Night has fallen across the entire Gulf of Mexico and the coastlines surrounding it. Meanwhile, Hurricane Ida is fiercely gaining intensity into midnight, and its landfall along the Louisiana-Mississippi border on Sunday could be more impactful than Hurricane Katrina, whose 16-year anniversary mark is also Sunday.
The last update from the National Hurricane Center on Saturday indicated that Ida is still a Category 2 storm packing sustained winds of 105 mph. However, the eyewall of Ida has become more defined, and the storm has begin looking like some of the monsters that have clobbered the Gulf Coast in years past.
The hurricane center at 10 p.m. CT on Saturday said Ida is expected to “strengthen rapidly before landfall. Life-threatening storm surge, potentially catastrophic wind damage, and flooding. Rainfall expected to impact the Northern Gulf Coast beginning Sunday morning.”
The latest forecast on Saturday had Ida as a Category 2 storm. The next forecast by the National Hurricane Center will be at 1 a.m. CT. Storms hit category 3 status when the sustained winds are at least 111 mph, and Category 4 storms begin at 130 mph. A Category 3 or 4 by sunrise is not out of the question as Ida roars toward the Louisiana and Mississippi coasts.
Though Ida is moving as a Cat 2 storm in the night, it’s moving across very warm waters in the central-to-northern Gulf, with water temperatures at 84 degrees or higher. That’s like adding more kindling to a fire that’s just getting hot.
Several parishes in southeast Louisiana issued mandatory evacuations, but many who live in South Louisiana have already begun their own evacuations—something ignited by the shellshock of Katrina, and one menacing storm after another over the last fie years, 10 years, 16 years and last century.
Louisiana Gov. John Bel Edwards said Saturday that Hurricane Ida could be one of the most devastating storms to hit the state since the 1850s, which is before the U.S. Civil War.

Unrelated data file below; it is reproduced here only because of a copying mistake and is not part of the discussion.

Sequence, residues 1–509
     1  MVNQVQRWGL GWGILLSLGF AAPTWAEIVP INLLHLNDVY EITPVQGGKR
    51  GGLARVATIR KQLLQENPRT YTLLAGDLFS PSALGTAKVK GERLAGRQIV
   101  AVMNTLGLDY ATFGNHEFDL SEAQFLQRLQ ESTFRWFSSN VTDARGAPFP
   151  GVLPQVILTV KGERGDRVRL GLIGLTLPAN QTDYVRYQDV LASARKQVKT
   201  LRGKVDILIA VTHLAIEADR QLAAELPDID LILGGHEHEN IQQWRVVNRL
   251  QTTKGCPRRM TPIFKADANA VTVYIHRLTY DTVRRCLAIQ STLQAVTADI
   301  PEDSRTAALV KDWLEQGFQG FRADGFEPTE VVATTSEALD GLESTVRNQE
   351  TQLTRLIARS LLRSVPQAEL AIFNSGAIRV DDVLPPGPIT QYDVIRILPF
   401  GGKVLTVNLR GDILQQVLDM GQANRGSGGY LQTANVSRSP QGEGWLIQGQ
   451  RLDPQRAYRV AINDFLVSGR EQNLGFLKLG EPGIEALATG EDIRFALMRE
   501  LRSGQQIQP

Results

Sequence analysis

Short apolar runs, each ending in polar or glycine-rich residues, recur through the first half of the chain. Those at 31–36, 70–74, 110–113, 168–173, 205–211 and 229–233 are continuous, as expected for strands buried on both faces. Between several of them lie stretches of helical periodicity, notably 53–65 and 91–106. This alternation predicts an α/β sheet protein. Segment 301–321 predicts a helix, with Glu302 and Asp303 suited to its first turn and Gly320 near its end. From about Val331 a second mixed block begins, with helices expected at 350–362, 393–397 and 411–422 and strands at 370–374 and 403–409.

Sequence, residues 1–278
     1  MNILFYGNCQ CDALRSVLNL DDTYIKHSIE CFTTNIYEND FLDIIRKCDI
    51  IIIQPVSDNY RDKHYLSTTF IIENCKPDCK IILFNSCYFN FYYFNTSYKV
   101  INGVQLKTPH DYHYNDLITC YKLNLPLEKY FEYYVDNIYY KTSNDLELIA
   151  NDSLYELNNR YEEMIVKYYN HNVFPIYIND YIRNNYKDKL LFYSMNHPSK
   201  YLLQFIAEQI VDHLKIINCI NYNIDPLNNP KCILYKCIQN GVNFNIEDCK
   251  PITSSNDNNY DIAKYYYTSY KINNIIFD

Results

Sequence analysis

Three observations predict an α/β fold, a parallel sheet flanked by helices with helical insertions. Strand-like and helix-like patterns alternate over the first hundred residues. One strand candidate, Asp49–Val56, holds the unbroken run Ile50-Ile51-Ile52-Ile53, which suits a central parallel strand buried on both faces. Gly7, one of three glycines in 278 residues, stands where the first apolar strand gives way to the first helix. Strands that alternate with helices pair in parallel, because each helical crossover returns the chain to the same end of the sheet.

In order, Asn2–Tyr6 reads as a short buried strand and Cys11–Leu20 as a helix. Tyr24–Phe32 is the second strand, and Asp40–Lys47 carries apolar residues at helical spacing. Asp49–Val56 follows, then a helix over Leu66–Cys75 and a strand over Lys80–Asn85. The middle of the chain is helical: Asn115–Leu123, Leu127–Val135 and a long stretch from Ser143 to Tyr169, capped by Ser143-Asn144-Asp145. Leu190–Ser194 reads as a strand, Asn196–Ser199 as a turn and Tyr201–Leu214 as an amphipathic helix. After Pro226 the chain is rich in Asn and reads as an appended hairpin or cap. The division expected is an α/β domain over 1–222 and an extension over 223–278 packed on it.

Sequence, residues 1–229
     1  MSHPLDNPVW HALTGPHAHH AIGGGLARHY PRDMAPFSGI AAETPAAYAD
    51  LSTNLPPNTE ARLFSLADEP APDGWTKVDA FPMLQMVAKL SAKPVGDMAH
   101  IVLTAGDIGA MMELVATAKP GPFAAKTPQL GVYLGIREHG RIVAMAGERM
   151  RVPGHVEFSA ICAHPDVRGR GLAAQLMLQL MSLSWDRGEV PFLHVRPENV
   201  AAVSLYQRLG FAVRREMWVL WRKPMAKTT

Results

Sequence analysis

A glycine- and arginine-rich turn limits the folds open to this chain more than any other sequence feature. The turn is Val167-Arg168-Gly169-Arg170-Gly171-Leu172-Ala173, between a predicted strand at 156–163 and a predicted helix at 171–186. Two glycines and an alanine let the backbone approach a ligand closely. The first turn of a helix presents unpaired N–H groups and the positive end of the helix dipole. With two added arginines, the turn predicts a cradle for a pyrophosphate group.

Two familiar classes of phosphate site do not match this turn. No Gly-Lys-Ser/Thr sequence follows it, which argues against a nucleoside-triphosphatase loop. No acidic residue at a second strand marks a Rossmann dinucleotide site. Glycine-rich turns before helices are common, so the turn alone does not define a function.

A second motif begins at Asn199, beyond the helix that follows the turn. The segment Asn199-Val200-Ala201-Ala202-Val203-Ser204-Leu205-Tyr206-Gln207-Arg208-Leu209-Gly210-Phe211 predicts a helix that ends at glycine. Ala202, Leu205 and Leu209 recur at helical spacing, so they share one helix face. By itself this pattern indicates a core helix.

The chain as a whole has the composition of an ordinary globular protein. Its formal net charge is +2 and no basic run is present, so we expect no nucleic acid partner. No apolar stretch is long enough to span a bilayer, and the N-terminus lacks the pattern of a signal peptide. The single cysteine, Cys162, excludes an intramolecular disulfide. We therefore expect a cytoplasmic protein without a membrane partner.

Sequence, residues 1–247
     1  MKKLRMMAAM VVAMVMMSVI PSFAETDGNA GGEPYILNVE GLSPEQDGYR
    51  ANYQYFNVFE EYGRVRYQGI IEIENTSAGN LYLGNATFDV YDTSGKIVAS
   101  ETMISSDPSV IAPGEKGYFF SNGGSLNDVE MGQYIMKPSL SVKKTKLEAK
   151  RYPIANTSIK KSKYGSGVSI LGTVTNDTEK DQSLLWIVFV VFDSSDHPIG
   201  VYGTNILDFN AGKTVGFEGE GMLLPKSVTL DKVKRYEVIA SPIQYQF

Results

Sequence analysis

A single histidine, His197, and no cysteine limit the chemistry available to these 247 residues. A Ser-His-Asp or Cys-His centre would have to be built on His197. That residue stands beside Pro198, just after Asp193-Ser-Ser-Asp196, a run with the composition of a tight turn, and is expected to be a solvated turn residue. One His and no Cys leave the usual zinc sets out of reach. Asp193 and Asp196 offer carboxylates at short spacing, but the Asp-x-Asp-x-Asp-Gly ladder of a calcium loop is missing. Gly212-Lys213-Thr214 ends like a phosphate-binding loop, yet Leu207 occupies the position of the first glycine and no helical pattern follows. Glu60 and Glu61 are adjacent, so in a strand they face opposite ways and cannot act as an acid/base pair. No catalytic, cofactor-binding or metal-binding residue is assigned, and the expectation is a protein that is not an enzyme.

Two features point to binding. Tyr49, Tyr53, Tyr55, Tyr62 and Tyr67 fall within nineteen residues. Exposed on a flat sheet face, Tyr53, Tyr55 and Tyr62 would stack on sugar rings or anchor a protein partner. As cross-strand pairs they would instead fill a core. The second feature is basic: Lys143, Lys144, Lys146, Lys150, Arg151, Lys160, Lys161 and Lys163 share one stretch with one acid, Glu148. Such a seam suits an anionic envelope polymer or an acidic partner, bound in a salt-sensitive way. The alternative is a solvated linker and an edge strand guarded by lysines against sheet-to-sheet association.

“One of the things we were told today by the National Weather Service during our unified command group meeting is that they are are extremely confident in the current track and the intensity as forecasted for Hurricane Ida. And you don’t really hear them speaking very often about that level of confidence,” Edwards said.
“So, we can sum it up by saying this will be one of the strongest hurricanes to hit anywhere in Louisiana since at least the 1850s.”
Ida formed as a tropical storm in the Caribbean Sea a few days ago and gained intensity as a Category 1 storm Friday as it moved over Cuba. By Saturday afternoon, as the storm was moving northwest of Cuba, the outer bands reached from Cuba to Lafayette, Louisiana, and all the way east to the Naples and Fort Meyers region of southwest Florida.
Hurricane Katrina took a similar path as Ida in 2005, moving over South Florida and the Florida Keys as a Category 1 storm before quickly growing into a Category 5 storm aiming for New Orleans. Katrina dropped in windspeed and eventually shifted east and battered the Mississippi coast as a high-level Category 3 storm, wiping out towns like Pass Christian and Long Beach.
Katrina’s rainfalls in southeast Louisiana, and specifically New Orleans, caused a levee to breach, completely flooding the city’s Ninth Ward, some houses with water on the second levels.
Flights going in and out of Louis Armstrong Airport in New Orleans on Sunday have already been canceled. Edwards and local officials are warning residents who have not evacuated that time is running short, and to either go north or hunker down and hope for the best.
“We can also tell you that your window of time is closing, it is rapidly closing,” Edwards said. “By the time you go to bed tonight, you need to be where you intend to ride this storm out and you need to be prepared as you can be.”
Hurricane Katrina landed as a Category 3 storm in 2005, with its eyewall going just east of Louisiana and thrashing the Mississippi coast line. There were more than 1,800 lives lost in the aftermath of Katrina.